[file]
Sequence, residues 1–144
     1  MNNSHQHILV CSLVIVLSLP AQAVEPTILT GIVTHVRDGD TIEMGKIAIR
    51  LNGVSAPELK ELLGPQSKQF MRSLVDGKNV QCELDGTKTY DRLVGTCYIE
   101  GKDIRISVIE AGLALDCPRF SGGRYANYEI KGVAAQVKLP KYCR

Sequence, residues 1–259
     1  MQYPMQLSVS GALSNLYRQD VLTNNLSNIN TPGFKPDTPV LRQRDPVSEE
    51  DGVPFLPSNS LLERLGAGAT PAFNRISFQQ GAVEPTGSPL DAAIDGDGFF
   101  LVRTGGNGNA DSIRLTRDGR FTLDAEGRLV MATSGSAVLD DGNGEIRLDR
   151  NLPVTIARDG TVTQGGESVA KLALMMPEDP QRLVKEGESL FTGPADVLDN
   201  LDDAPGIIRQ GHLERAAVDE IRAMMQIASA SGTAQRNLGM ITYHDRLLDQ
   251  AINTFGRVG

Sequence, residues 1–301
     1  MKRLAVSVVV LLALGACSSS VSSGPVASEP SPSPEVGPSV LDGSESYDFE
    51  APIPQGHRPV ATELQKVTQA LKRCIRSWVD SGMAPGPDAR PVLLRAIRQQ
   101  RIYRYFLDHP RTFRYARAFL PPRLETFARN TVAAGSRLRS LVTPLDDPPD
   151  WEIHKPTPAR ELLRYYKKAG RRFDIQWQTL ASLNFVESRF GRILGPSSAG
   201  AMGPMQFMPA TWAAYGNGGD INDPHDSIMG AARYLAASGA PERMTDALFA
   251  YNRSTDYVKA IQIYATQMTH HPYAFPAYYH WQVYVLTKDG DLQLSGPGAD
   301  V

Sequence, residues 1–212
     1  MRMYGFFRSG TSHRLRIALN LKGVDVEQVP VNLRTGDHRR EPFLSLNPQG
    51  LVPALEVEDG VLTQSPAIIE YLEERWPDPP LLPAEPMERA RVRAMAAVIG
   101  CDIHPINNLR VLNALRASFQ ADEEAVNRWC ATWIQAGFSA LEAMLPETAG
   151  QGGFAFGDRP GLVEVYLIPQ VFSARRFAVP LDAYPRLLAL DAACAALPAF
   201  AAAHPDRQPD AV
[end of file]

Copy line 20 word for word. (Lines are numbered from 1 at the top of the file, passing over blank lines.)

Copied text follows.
Sequence, residues 1–212